PepsiCo announced Friday that it would replace aspartame from its diet soda line with a sweetener that is reportedly less harmful than the current one. The company hopes that the new move would give Diet Pepsi a big boost in sales by addressing clients’ concerns over health issues.
According to the company, Diet Pepsi will switch form aspartame to sucralose, which is also an artificial sweetener but less harmful. PepsiCo disclosed that it chose to reformulate its soda recipe due to extensive consumer surveys which revealed that Americans weren’t buying diet sodas due to aspartame content.
In 2014, Diet Pepsi sales slipped 5.2 percent, while the market-leading Diet Cola’s sale volume fell 6.6 percent.
Nevertheless, PepsiCo hopes that the new formula would grant it a big boost against its main competitor, the Coca-Cola Company. In its recent announcement, PepsiCo underscored several times that the new product was “aspartame-free.”
“Diet cola drinkers in the U.S. told us they wanted aspartame-free Diet Pepsi and we’re delivering,”
said Seth Kaufman from the PepsiCo North America Beverages.
On the other hand, customers’ response to the change is unclear. The industry is concerned that the new formula may change Diet Pepsi’s taste, which may decrease sales even more. Other industry officials expressed their concerns that people may have permanently switched to natural foods and beverages and they may never return to diet colas.
Sucralose, also known as Splenda, will replace aspartame, also known as Nutrasweet or Equal starting in August. The company hopes that sucralose will be well received by diet cola consumers because it is less controversial than its predecessor.
According to PepsiCo, the new sweetener, which will also contain acesulfame potassium, will be introduced in all types of diet Pepsi, including Caffeine Free and Wild Cherry Diet Pepsi. The beverage giant also disclosed that the new sweetener was the result of a lot of research and was extensively tested on U.S. diet cola consumers.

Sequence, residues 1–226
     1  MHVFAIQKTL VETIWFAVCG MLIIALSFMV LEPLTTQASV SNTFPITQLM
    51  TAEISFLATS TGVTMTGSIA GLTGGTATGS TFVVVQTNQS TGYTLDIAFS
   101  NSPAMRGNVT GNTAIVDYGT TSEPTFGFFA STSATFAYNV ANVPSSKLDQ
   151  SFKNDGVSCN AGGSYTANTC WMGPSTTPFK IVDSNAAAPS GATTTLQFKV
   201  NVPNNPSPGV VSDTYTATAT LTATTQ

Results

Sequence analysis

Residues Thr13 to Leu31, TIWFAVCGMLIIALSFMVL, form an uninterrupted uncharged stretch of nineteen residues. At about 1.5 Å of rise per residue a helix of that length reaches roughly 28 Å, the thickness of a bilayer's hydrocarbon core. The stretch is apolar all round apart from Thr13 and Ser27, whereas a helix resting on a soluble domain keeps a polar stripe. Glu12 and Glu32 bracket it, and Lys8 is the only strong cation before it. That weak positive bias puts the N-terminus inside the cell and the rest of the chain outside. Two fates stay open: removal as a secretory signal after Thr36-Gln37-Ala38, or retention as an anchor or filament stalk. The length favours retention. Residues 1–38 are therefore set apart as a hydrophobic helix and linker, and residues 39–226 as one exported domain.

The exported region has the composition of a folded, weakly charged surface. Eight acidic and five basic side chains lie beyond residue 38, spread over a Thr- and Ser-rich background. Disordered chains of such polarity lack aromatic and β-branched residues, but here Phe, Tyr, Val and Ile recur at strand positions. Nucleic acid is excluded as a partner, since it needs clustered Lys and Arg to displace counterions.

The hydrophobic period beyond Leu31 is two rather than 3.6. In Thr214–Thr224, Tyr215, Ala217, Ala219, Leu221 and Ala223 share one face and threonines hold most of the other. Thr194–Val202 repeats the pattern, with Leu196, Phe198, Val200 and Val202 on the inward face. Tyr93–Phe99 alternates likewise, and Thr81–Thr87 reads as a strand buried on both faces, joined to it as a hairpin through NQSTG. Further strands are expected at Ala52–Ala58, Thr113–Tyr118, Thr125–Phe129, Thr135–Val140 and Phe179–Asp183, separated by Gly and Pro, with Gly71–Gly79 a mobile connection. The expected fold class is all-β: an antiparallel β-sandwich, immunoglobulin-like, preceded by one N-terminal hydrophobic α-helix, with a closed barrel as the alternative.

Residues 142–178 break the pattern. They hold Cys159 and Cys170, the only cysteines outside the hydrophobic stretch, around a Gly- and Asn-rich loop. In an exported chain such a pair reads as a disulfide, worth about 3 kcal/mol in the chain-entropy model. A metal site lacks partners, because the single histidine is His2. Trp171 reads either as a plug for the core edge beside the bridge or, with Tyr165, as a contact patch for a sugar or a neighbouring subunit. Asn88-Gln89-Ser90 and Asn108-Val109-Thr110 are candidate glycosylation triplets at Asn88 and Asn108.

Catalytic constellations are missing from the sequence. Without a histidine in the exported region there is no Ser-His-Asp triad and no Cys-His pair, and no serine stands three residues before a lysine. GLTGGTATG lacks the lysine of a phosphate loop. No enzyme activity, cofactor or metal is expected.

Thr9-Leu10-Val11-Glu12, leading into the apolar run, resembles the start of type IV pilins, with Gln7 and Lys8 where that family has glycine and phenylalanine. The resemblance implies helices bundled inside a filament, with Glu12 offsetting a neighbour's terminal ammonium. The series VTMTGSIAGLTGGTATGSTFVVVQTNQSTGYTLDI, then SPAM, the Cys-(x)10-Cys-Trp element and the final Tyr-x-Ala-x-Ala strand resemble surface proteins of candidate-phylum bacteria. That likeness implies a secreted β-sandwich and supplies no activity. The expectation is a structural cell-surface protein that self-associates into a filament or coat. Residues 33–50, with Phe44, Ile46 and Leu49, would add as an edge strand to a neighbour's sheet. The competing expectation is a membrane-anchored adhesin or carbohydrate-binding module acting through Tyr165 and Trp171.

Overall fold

The industry hoped that diet colas would boost its sales among people concerned with their weight. But as more and more researchers reported that aspartame cancelled any health benefit of the product by boosting cancer risk, many customers switched to bottled water. As a result, U.S. diet cola sales dropped 5.9 percent in 2014. But surprisingly, full-calorie soda sales rose 0.9 percent.
Last year, PepsiCo’s diet soda had a market share of only 4.3 percent, while Diet Coke had more than 8.5 percent.
Analysts are currently eager to learn whether Coke would make a similar move to Pepsi’s. Coca-Cola seemed surprised by its rival’s announcement. Coca-Cola’s CEO Muhtar Kent was delivering an interview to CNBC when the announcement was made and he seemed clueless about the change. He also declined to say whether his company would remove aspartame from its diet soda.
Mr. Kent, however, told CNBC that, although he was not planning to defend aspartame, the European Food Safety Authority released a recent report which revealed that the artificial sweetener was “safe.”
Later that day, the company issued a public statement and let everyone know that it had no intention of changing Diet Coke’s formula.